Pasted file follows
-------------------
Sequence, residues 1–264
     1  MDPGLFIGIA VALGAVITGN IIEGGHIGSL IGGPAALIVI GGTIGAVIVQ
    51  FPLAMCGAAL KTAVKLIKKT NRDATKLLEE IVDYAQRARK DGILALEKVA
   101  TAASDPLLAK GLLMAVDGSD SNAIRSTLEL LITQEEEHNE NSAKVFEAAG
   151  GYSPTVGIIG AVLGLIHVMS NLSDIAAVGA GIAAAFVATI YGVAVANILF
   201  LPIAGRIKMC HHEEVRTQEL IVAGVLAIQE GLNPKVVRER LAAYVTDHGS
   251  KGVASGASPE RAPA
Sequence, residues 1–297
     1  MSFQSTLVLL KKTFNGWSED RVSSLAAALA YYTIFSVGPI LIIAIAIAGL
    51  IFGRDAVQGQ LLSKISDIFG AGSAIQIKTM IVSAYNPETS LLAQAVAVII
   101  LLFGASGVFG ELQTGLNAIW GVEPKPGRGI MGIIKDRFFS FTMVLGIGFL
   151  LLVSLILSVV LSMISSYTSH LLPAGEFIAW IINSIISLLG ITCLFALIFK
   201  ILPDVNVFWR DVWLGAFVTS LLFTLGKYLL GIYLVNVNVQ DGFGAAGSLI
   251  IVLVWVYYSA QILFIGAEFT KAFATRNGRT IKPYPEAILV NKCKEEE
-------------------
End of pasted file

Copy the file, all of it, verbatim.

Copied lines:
Sequence, residues 1–264
     1  MDPGLFIGIA VALGAVITGN IIEGGHIGSL IGGPAALIVI GGTIGAVIVQ
    51  FPLAMCGAAL KTAVKLIKKT NRDATKLLEE IVDYAQRARK DGILALEKVA
   101  TAASDPLLAK GLLMAVDGSD SNAIRSTLEL LITQEEEHNE NSAKVFEAAG
   151  GYSPTVGIIG AVLGLIHVMS NLSDIAAVGA GIAAAFVATI YGVAVANILF
   201  LPIAGRIKMC HHEEVRTQEL IVAGVLAIQE GLNPKVVRER LAAYVTDHGS
   251  KGVASGASPE RAPA
Sequence, residues 1–297
     1  MSFQSTLVLL KKTFNGWSED RVSSLAAALA YYTIFSVGPI LIIAIAIAGL
    51  IFGRDAVQGQ LLSKISDIFG AGSAIQIKTM IVSAYNPETS LLAQAVAVII
   101  LLFGASGVFG ELQTGLNAIW GVEPKPGRGI MGIIKDRFFS FTMVLGIGFL
   151  LLVSLILSVV LSMISSYTSH LLPAGEFIAW IINSIISLLG ITCLFALIFK
   201  ILPDVNVFWR DVWLGAFVTS LLFTLGKYLL GIYLVNVNVQ DGFGAAGSLI
   251  IVLVWVYYSA QILFIGAEFT KAFATRNGRT IKPYPEAILV NKCKEEE